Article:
The UK government has delayed the introduction of mandatory age verification for accessing online pornography — blaming an administrative cock-up.
The controversial scheme had been due to launch on July 15, after an earlier implementation date also came and went. Although in this instance it does not appear the policy has been derailed by the technical challenges around online age verification.
Giving a statement in the House of Commons this morning, digital minister Jeremy Wright said the government failed to notify the European Commission of age verification standards it expects companies to meet — in line with EU law.
Not having done so means it can’t legally introduce the policy at this stage.
“It has come to my attention in recent days that an implementation process was not undertaken for an element of this policy and I regret to say this will delay the commencement date,” he told parliament — adding that the error is expected to result in a delay “in region of six months”.
Apologising for the delay, Wright emphasized that government remains committed to the policy.
“This is not a change of policy or a lessening of this government’s determination for these changes to come about,” he said.
“Many [people] have campaigned passionately for age verification to come into force as soon as possible to ensure children are protected from seeing pornography they shouldn’t — I apologise to them all that these measures will not be brought in as soon as they and I will like.”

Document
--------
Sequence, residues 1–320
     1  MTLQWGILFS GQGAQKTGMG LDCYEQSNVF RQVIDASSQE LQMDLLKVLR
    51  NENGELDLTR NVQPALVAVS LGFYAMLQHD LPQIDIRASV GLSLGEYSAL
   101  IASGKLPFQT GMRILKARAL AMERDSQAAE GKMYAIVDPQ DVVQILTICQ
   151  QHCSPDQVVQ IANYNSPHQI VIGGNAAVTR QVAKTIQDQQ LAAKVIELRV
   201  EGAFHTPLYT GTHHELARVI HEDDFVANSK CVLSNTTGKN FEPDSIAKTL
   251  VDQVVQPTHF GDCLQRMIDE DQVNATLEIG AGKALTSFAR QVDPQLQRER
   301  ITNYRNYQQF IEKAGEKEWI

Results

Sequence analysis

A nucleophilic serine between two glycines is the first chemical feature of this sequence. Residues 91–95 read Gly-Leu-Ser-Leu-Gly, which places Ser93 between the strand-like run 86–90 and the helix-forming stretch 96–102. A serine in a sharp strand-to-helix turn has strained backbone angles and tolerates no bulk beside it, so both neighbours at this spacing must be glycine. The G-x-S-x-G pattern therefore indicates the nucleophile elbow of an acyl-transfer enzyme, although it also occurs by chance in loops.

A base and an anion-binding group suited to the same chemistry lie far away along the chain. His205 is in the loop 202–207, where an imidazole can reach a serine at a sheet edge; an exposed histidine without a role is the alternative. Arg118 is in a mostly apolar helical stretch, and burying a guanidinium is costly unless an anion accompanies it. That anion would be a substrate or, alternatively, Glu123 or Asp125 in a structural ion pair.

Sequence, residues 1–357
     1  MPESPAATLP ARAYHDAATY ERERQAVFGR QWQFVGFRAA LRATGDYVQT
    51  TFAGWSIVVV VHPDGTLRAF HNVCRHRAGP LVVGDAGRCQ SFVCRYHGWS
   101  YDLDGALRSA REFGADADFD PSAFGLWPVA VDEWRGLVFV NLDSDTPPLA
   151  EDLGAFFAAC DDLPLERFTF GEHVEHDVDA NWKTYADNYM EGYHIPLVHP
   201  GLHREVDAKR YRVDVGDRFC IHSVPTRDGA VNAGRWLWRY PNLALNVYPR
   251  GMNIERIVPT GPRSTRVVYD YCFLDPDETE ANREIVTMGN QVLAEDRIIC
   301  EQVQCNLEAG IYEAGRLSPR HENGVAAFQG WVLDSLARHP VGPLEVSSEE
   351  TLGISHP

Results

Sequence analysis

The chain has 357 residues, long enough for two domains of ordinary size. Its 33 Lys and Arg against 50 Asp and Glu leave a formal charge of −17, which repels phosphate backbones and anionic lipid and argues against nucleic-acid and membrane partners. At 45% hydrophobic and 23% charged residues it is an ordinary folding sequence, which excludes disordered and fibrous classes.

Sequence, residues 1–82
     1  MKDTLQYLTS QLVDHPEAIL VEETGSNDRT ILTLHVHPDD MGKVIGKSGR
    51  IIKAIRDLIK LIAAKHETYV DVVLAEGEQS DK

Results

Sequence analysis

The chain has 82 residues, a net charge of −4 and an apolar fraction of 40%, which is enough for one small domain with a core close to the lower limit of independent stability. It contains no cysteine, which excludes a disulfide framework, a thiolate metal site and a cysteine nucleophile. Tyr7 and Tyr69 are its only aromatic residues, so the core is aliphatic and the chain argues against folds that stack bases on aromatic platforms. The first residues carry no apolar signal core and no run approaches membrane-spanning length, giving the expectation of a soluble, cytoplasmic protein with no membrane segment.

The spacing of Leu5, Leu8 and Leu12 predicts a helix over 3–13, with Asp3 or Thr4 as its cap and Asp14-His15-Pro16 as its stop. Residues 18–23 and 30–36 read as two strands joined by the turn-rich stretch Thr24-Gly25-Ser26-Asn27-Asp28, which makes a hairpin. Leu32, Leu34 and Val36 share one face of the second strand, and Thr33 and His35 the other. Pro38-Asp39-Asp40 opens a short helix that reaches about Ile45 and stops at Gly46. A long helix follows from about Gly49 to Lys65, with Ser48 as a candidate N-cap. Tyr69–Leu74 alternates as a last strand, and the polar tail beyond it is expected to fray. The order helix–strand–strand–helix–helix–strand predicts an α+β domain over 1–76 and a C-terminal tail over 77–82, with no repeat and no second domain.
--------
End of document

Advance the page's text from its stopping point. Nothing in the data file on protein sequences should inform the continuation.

“In the mean time there is nothing to stop responsible providers of online pornography from implementing age verification mechanisms on a voluntary basis,” he added. “I hope and expect that many will do so.”
In the statement on age verification, Wright also referenced other policy measures the government has in train which he said will help protect children from seeing inappropriate content online — such as the Online Harms white paper, published in April.
He said a draft code of practice on child online safety will be published ahead of the new regulatory framework coming in — “to set clear standards” for online child safety.
He also noted that the technical challenge of accurate online age verification had been raised during the consultation on the white paper — and said he has commissioned new guidance that will be published in the fall “about the use of technology to ensure children are protected from inappropriate content online”.
As we reported in March, tech companies including Snap have been participating under NDA in a government working group on age verification.
Wright said the government would publish a response to the consultation by the end of the year. And that legislation would be introduced as soon as parliament time allowed after that.
“The new regulatory framework for online harms announced in the white paper will be introduced as soon as possible because it will make a significant difference to action taken by companies to keep children safe online,” he said.
“Age verification for online pornography needs to happen, and I believe it is the clear will of the house and those we represent that it should, and in the clear interests of our children that it must.”